Cash incentives get patients into doctor’s office

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Cash incentives improve the rate of low-income adults making an initial appointment when they become newly covered by a primary care program, according to a study published in Health Affairs.

Getting a patient to first book a primary care appointment is difficult but essential in delivering preventive care and chronic disease management. In the study, led by Cathy J. Bradley, PhD, an associate director for population health sciences at the University of Colorado Cancer Center, researchers analyzed how different types of cash incentives affected rates of primary care appointments for low-income adults.

Participants were randomly assigned to one of four groups: three groups provided members with $10 to complete a baseline survey during an interview and were then placed in a group given $50, $25 or no cash to visit their physician within six months. A nonincentivized control group was also included.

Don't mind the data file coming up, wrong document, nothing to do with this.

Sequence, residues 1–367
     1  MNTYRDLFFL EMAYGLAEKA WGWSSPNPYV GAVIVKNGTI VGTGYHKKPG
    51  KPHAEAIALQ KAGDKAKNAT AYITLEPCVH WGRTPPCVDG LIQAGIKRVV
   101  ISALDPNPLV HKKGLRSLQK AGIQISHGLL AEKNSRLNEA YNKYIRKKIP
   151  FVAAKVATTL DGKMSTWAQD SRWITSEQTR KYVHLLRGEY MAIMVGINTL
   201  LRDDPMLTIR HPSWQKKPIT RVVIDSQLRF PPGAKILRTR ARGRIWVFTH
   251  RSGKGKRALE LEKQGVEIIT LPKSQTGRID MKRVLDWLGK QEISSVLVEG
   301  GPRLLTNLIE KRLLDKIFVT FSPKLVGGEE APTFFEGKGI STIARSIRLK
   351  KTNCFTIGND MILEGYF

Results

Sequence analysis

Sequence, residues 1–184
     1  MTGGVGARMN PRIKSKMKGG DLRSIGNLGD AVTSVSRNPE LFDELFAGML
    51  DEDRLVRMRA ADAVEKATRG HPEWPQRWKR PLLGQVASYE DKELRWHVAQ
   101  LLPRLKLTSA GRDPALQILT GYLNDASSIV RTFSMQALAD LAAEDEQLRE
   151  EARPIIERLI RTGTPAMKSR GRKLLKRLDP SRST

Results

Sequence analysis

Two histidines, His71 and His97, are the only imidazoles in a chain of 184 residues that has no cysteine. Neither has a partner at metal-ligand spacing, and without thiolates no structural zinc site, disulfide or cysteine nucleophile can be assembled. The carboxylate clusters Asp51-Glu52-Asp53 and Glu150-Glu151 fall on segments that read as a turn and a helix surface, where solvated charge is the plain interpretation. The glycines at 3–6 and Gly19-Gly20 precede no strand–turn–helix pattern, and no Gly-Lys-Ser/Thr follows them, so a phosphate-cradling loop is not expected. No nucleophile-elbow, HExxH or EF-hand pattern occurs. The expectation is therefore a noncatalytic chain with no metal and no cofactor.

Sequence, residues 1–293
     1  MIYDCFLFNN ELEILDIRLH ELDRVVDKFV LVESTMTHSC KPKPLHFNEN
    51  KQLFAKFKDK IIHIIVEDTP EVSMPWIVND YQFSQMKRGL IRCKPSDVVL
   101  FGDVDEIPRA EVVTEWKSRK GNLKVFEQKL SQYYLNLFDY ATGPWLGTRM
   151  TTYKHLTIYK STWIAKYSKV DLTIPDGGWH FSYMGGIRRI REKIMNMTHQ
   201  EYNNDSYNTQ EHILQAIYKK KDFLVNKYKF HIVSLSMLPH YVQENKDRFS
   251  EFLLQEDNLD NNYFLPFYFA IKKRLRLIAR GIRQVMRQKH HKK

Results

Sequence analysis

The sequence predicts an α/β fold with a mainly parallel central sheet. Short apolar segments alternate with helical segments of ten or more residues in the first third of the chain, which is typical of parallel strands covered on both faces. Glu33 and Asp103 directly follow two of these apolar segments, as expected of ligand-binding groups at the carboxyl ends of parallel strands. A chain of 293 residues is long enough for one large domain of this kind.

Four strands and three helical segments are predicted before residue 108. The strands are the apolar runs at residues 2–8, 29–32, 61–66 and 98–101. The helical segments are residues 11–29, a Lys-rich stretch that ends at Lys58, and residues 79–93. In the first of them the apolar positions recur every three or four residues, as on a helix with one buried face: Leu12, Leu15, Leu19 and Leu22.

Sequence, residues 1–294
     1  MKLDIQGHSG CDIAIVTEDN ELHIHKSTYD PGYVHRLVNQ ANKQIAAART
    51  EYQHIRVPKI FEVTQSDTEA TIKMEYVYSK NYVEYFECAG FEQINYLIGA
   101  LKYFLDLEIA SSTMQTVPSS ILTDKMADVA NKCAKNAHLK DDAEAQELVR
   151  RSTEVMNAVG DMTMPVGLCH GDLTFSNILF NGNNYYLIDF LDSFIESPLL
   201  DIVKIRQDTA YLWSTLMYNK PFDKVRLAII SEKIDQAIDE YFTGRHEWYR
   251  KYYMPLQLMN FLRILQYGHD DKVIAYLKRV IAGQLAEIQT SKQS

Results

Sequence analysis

Results showed that participants in the $50 (77 percent) and $20 (74 percent) incentive group were more likely to see their physician than the no incentive group (68 percent).

“Cash incentives appear to be effective at increasing primary care use among low-income patients. If the use of primary care is shown to reduce overall health care use and improve health in this high-cost population, cash incentives may be a cost-effective way to steer low-income patients away from more expensive services and help them establish a relationship with a primary care provider,” wrote Bradley and colleagues. “This approach may be particularly effective for people newly offered health care coverage, regardless of whether that coverage is through the safety net or insurance. Providing less expensive but improved quality of care by preventing avoidable hospitalizations and nonurgent emergency department visits remains a national priority.”